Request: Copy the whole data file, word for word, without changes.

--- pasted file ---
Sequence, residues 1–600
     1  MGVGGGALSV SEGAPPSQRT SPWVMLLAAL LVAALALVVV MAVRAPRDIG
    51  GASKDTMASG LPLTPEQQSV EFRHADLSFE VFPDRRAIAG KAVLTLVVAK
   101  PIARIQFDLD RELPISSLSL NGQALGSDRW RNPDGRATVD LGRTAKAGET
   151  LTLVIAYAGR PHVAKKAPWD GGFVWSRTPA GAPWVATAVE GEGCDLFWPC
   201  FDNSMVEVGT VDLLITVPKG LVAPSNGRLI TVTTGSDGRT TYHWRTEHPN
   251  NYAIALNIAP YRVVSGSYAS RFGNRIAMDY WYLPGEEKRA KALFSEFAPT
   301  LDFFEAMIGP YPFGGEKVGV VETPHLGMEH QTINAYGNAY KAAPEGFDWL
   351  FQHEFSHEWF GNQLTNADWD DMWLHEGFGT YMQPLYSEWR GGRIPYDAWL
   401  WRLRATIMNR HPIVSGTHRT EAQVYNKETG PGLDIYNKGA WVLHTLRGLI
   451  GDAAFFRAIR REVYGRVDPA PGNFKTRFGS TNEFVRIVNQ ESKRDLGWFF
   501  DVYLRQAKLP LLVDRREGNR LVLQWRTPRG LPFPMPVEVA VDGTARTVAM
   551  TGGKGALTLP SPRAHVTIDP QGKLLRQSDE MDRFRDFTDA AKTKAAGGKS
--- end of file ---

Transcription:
Sequence, residues 1–600
     1  MGVGGGALSV SEGAPPSQRT SPWVMLLAAL LVAALALVVV MAVRAPRDIG
    51  GASKDTMASG LPLTPEQQSV EFRHADLSFE VFPDRRAIAG KAVLTLVVAK
   101  PIARIQFDLD RELPISSLSL NGQALGSDRW RNPDGRATVD LGRTAKAGET
   151  LTLVIAYAGR PHVAKKAPWD GGFVWSRTPA GAPWVATAVE GEGCDLFWPC
   201  FDNSMVEVGT VDLLITVPKG LVAPSNGRLI TVTTGSDGRT TYHWRTEHPN
   251  NYAIALNIAP YRVVSGSYAS RFGNRIAMDY WYLPGEEKRA KALFSEFAPT
   301  LDFFEAMIGP YPFGGEKVGV VETPHLGMEH QTINAYGNAY KAAPEGFDWL
   351  FQHEFSHEWF GNQLTNADWD DMWLHEGFGT YMQPLYSEWR GGRIPYDAWL
   401  WRLRATIMNR HPIVSGTHRT EAQVYNKETG PGLDIYNKGA WVLHTLRGLI
   451  GDAAFFRAIR REVYGRVDPA PGNFKTRFGS TNEFVRIVNQ ESKRDLGWFF
   501  DVYLRQAKLP LLVDRREGNR LVLQWRTPRG LPFPMPVEVA VDGTARTVAM
   551  TGGKGALTLP SPRAHVTIDP QGKLLRQSDE MDRFRDFTDA AKTKAAGGKS